Do you not know that all of us who have been baptized into Christ Jesus were baptized into his death? We were buried therefore with him by baptism into death, in order that, just as Christ was raised from the dead by the glory of the Father, we too might walk in newness of life.
Baptism, of course, does not accomplish this union. Here Paul uses baptism as way of describing our identity with Christ and a picture of the union that we have with by grace, through faith. The same teaching appears in Ephesians 2:4–6:
But God, being rich in mercy, because of the great love with which he loved us, even when we were dead in our trespasses, made us alive together with Christ—by grace you have been saved— 6 and raised us up with him and seated us with him in the heavenly places in Christ Jesus….
We were dead but by grace alone we’ve been made alive, by virtue, of which, ironically, we’ve died to sin are being sanctified progressively into the image of Christ (2Cor 3;18). We are, according to Paul, a “new creation” (2Cor 5:17; Gal 6:15) in Christ.
These categories of “death” with Christ and “new life” indicate a decisive, divinely wrought, break with life before Christ. They signal an inauguration, a beginning, of new things. They do not, however, signal the completion of all things. The consummation is not yet. The principle (beginning) of the end has been introduced and is at work in us, by grace alone, through faith alone, in union with Christ. We are becoming what we shall be but we have not yet become what we shall be (1John 3:2).
There are a few central passages that we must consider when we think about our state in Christ and the progress (or lack thereof) in the Christian life. The first of these is Romans 6:9–19:
We know that Christ, being raised from the dead, will never die again; death no longer has dominion over him. For the death he died he died to sin, once for all, but the life he lives he lives to God. So you also must consider yourselves dead to sin and alive to God in Christ Jesus. Let not sin therefore reign in your mortal body, to make you obey its passions. Do not present your members to sin as instruments for unrighteousness, but present yourselves to God as those who have been brought from death to life, and your members to God as instruments for righteousness. For sin will have no dominion over you, since you are not under law but under grace. What then? Are we to sin because we are not under law but under grace? By no means! Do you not know that if you present yourselves to anyone as obedient slaves, you are slaves of the one whom you obey, either of sin, which leads to death, or of obedience, which leads to righteousness? But thanks be to God, that you who were once slaves of sin have become obedient from the heart to the standard of teaching to which you were committed, and, having been set free from sin, have become slaves of righteousness. I am speaking in human terms, because of your natural limitations. For just as you once presented your members as slaves to impurity and to lawlessness leading to more lawlessness, so now present your members as slaves to righteousness leading to sanctification (ESV).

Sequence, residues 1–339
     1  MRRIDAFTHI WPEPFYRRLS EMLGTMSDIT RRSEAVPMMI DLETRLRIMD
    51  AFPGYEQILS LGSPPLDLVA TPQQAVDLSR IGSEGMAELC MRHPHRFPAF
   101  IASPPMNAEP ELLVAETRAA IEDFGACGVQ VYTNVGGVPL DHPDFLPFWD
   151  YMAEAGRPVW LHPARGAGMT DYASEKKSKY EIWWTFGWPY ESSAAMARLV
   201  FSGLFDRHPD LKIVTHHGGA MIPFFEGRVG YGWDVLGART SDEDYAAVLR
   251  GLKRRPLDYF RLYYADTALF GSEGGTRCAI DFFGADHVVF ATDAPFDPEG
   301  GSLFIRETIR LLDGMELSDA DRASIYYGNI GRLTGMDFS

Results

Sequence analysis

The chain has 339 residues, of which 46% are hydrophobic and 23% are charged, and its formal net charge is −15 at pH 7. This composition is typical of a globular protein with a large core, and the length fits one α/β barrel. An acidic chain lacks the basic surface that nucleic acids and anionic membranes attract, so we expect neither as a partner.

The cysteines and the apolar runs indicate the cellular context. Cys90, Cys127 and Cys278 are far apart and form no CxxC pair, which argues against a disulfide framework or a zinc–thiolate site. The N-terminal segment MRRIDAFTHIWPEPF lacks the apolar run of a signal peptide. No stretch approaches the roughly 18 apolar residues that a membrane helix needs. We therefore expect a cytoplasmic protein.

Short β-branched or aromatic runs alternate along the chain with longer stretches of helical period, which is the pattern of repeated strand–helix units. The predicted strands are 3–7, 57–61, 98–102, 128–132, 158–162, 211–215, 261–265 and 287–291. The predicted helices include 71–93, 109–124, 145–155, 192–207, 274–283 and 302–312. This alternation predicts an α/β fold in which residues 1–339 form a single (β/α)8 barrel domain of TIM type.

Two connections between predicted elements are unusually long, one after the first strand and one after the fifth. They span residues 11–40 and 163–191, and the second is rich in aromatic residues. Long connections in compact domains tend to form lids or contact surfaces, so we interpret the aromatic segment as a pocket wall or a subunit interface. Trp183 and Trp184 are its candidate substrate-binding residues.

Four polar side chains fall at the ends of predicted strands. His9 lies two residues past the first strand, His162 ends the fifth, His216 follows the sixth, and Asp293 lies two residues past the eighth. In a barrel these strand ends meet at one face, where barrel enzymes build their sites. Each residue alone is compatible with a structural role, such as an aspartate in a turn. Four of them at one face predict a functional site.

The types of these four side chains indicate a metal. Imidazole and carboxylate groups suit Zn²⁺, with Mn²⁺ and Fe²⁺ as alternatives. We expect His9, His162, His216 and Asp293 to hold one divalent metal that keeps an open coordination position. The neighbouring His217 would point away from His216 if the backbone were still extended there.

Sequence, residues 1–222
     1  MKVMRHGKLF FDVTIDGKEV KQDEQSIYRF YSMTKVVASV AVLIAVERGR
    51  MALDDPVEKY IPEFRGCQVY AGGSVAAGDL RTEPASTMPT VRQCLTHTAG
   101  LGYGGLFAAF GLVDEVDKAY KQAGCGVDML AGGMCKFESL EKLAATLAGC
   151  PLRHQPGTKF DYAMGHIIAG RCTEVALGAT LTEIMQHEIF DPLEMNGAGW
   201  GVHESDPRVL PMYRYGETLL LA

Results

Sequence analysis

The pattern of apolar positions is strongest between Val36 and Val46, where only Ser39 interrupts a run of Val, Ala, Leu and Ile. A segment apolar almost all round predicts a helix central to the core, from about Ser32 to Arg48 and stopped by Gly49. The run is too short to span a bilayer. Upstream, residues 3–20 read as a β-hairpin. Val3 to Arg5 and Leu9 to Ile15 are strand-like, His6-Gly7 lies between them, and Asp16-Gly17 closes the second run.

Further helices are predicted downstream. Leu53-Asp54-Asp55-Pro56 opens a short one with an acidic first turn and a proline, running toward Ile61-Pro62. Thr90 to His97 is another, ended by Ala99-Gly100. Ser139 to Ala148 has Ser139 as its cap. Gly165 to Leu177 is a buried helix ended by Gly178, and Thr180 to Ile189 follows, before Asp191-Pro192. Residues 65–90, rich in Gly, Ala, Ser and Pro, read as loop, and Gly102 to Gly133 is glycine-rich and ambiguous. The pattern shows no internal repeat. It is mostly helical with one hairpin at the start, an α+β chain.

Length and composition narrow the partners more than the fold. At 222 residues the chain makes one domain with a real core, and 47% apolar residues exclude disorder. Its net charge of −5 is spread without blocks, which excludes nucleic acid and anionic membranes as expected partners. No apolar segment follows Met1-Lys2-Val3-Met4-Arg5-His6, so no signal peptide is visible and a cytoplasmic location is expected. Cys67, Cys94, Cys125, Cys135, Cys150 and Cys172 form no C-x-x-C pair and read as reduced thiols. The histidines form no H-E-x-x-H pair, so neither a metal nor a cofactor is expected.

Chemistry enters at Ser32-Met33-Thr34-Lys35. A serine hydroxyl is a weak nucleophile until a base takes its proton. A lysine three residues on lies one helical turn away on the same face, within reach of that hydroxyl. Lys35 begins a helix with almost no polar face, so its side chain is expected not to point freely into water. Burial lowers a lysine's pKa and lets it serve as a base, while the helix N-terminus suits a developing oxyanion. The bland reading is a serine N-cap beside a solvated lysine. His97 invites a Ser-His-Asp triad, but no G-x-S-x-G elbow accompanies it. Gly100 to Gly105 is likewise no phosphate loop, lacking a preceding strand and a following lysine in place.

Paul says two things essentially.
- In Christ, by virtue of our union with Christ by faith, we have died decisively to sin and have been made alive with Christ;
- Experientially, we continue to struggle with sin.
We have to affirm both things simultaneously. This is why Paul says that we must reckon ourselves, think of ourselves, as dead to sin. Why? Because we are not yet experientially dead to sin. This is why he writes, “Do not present your members to sin” because, we are still struggling and too often inclined to do just that.